Contemporary social life under the conditions of global capitalism is fundamentally determined by things. This human–thing relationship seems quasi-natural. Things are, of course, essential in carrying out necessary functions in everyday life: to communicate, to provide protection against heat and cold, to prepare food, to maintain one’s health.
Some things carry promises: emotional closeness, the promotion of self-expression, the acquisition of prestige. Bureaucratic things – a piece of paper, a passport – decide one’s fate. Things can trigger desire, despair, joy and a whole range of other emotions. Things may be functional, may have a personal value, may be charged with emotion, may be political, and they can, very often, be transformed into something else entirely. But one’s relationship to things, so often taken for granted, is challenged by the conditions of flight and migration. Firstly, people on the move need to develop new ways of living – a process that requires fundamental renegotiations of ties to people and material objects. Secondly, one’s quasi-natural relationship to things is challenged when an entitlement to them is contested. When from September 2015 increasing numbers of refugees came to Germany, calls for donations of clothes attracted a broad response. However, with the donations, debates started about the appropriateness of certain things being in the hands of refugees (Pellander and Kotilainen 2017), and these debates touched upon fundamental issues of power and boundary-drawing between refugees, migrants and citizens of a nation state (see, for example, Spencer and Triandafyllidou 2020; Gaibazzi et al. 2017; Holmes and Castañeda 2016). In other words: Who is entitled to an iPhone 7 or a pair of Nike trainers? Whose life is bare enough to receive help? What things are really necessary? Under the ‘normal’ circumstances of life, such questions are rarely asked, but they do refer to our fundamental relationship to things.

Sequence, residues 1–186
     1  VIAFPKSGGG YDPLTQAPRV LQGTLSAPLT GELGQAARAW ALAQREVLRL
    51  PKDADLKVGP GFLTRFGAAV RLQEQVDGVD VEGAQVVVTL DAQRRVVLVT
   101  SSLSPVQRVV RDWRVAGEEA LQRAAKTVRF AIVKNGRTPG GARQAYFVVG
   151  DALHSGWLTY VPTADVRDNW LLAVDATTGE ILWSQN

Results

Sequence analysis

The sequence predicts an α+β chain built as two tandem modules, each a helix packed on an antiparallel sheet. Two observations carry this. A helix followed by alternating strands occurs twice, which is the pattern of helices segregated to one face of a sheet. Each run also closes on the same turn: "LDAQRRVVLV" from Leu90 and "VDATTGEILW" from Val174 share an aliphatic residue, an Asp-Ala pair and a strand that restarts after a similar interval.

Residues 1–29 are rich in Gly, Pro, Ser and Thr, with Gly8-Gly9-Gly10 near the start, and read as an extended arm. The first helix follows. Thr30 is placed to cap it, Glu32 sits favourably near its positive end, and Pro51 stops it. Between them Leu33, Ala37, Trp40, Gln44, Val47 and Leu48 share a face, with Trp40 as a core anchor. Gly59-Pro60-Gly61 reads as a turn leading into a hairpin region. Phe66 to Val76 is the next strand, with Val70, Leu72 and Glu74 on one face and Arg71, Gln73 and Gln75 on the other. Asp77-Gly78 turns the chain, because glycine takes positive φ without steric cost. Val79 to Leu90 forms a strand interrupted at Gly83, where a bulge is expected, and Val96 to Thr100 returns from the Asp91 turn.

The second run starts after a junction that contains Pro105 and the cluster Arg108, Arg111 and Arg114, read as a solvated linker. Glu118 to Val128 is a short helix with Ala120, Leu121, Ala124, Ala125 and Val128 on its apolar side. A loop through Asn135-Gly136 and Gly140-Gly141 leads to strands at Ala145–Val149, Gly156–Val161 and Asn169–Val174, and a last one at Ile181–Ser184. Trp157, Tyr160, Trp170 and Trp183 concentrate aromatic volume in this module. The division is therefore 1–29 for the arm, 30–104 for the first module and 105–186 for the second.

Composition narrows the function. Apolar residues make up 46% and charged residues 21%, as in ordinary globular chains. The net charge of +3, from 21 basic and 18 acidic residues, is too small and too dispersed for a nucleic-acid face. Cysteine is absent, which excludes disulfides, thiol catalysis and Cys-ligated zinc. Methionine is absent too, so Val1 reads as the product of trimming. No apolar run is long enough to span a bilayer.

An excerpt from 'Introduction', by Andrea Lauser, Antonie Fuhse, Peter J. Bräunlein and Friedemann Yi-Neumann, Material Culture and (Forced) Migration.
Andrea Lauser is Professor in the Department of Social and Cultural Anthropology, Georg August University, Göttingen, Germany. Antonie Fuhse holds a PhD in social anthropology from the University of Göttingen. Peter J. Bräunlein holds an extracurricular professorship in the study of religion from the University of Bremen. Friedemann Yi-Neumann is a research fellow of the migration exhibition project ‘MOVING THINGS’, University of Göttingen.